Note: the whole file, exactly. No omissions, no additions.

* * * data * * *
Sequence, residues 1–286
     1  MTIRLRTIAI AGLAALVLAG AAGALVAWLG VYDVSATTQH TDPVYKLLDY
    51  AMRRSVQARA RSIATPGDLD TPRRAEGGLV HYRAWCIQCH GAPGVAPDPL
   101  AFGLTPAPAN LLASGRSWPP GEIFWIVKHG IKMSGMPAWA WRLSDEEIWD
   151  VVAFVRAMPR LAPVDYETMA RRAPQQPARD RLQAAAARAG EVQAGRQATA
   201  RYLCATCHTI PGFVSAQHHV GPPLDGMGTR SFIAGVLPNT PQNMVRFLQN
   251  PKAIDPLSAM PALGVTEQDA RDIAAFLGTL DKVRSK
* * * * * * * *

Sequence, residues 1–286
     1  MTIRLRTIAI AGLAALVLAG AAGALVAWLG VYDVSATTQH TDPVYKLLDY
    51  AMRRSVQARA RSIATPGDLD TPRRAEGGLV HYRAWCIQCH GAPGVAPDPL
   101  AFGLTPAPAN LLASGRSWPP GEIFWIVKHG IKMSGMPAWA WRLSDEEIWD
   151  VVAFVRAMPR LAPVDYETMA RRAPQQPARD RLQAAAARAG EVQAGRQATA
   201  RYLCATCHTI PGFVSAQHHV GPPLDGMGTR SFIAGVLPNT PQNMVRFLQN
   251  PKAIDPLSAM PALGVTEQDA RDIAAFLGTL DKVRSK